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CVS Settlement Landing Page

This is a Resolution Agreement


Issued by: Office for Civil Rights (OCR)

Resolution Agreement

CVS Pays $2.25 Million & Toughens Disposal Practices to Settle HIPAA Privacy Case

In a case that involves the privacy of millions of health care consumers, on January 16, 2009, the U.S. Department of Health & Human Services (HHS) reached agreement with CVS Pharmacy, Inc. to settle potential violations of the HIPAA Privacy Rule.  To resolve the Department’s investigation of its privacy practices, CVS agreed to pay $2.25 million and implement a detailed Corrective Action Plan to ensure that it will appropriately dispose of protected health information such as labels from prescription bottles and old prescriptions.  The new practices will apply to all CVS retail pharmacies, over 6,300 stores.  In a coordinated action, CVS Caremark Corporation, the parent company of the pharmacy chain, also signed a consent order with the Federal Trade Commission (FTC) to settle potential violations of the FTC Act.

CVS is the largest pharmacy chain in the country.  OCR opened its investigation of CVS pharmacy compliance with the Privacy Rule after media reports alleged that protected health information maintained by several retail pharmacy chains was being disposed of in dumpsters that were not secure and could be accessed by the public. At the same time, the FTC opened its investigation of CVS. OCR and the FTC conducted their investigations collaboratively.  This is the first instance in which OCR has coordinated investigation and resolution of a matter with the FTC.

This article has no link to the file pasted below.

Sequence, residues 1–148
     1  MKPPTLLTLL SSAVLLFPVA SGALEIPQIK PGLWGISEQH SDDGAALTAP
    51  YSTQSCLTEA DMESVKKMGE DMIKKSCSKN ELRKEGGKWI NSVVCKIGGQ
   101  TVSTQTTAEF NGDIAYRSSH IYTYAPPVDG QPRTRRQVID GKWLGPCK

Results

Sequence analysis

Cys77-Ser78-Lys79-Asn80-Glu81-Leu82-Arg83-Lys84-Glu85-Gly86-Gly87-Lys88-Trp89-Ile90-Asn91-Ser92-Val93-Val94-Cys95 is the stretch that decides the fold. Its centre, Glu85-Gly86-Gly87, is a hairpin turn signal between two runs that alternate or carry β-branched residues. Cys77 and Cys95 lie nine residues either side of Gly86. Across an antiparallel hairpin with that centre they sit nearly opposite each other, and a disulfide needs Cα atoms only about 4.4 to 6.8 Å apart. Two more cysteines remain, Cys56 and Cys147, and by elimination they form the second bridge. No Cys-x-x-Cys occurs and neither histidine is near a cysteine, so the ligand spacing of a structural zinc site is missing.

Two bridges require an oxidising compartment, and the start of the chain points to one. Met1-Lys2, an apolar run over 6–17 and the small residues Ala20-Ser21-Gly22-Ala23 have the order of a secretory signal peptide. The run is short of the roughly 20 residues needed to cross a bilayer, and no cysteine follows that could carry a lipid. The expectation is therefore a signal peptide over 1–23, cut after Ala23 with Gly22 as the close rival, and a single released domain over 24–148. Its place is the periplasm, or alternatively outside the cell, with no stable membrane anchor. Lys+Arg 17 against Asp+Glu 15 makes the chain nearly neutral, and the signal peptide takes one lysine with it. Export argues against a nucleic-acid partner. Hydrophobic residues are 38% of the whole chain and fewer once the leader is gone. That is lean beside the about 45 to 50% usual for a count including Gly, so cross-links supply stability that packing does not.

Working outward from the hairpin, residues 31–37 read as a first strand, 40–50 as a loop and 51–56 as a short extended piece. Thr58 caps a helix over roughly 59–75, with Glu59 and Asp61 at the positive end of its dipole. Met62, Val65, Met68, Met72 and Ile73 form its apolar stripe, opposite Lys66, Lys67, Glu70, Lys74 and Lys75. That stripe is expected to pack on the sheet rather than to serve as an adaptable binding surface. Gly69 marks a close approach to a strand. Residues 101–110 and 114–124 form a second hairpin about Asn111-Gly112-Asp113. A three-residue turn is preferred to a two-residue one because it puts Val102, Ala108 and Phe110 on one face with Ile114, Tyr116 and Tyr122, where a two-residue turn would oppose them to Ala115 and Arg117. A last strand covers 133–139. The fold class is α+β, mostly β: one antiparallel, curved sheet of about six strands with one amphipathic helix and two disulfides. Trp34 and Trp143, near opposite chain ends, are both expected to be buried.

The Privacy Rule requires health plans, health care clearinghouses and most health care providers (covered entities), including pharmacies, to safeguard the privacy of protected health information, including such information during its disposal.

Among other issues, the OCR review indicated that:

  • CVS failed to implement adequate policies and procedures to reasonably an d appropriately safeguard protected health information during the disposal process;
  • CVS failed to adequately train employees on how to dispose of such information properly; and
  • CVS did not maintain and implement a sanctions policy for members of its workforce who failed to comply with its disposal policies and procedures.

Under the Resolution Agreement, CVS agreed to pay a $2,250,000 resolution amount and implement a strong Corrective Action Plan that requires:

  1. revising and distributing its policies and procedures regarding disposal of protected health information;
  2. sanctioning workers who do not follow them; 
  3. training workforce members on these new requirements; 
  4. conducting internal monitoring;
  5. engaging a qualified, independent third-party assessor to conduct assessments of CVS compliance with the requirements of the Corrective Action Plan and render reports to HHS; 
  6. new internal reporting procedures requiring workers to report all violations of these new privacy policies and procedures; and
  7. submitting compliance reports to HHS for a period of three years.

Both HHS and FTC require CVS to actively monitor its compliance with the Resolution Agreement and Consent Order*.

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DISCLAIMER: The contents of this database lack the force and effect of law, except as authorized by law (including Medicare Advantage Rate Announcements and Advance Notices) or as specifically incorporated into a contract. The Department may not cite, use, or rely on any guidance that is not posted on the guidance repository, except to establish historical facts.